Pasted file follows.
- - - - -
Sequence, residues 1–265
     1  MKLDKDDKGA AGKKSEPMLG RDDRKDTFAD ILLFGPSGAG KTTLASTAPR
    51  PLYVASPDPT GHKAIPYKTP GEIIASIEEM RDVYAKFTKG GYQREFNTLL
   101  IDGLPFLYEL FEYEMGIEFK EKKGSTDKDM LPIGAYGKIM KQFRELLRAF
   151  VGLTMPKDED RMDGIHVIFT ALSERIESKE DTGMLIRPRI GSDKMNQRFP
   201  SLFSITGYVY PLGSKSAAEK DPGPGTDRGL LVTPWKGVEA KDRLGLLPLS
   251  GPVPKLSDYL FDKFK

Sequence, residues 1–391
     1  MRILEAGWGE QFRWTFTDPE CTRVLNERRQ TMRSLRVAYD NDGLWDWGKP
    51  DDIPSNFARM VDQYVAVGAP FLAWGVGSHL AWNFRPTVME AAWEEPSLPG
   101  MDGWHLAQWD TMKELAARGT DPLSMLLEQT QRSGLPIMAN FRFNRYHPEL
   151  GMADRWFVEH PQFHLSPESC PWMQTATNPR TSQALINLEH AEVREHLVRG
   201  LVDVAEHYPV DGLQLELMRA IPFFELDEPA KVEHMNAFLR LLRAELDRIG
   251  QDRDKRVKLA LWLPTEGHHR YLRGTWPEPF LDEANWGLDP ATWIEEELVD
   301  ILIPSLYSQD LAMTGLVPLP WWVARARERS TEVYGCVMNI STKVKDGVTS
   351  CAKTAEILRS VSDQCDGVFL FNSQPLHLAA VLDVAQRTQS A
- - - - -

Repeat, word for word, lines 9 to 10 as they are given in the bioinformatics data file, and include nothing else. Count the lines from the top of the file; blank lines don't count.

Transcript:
     1  MRILEAGWGE QFRWTFTDPE CTRVLNERRQ TMRSLRVAYD NDGLWDWGKP
    51  DDIPSNFARM VDQYVAVGAP FLAWGVGSHL AWNFRPTVME AAWEEPSLPG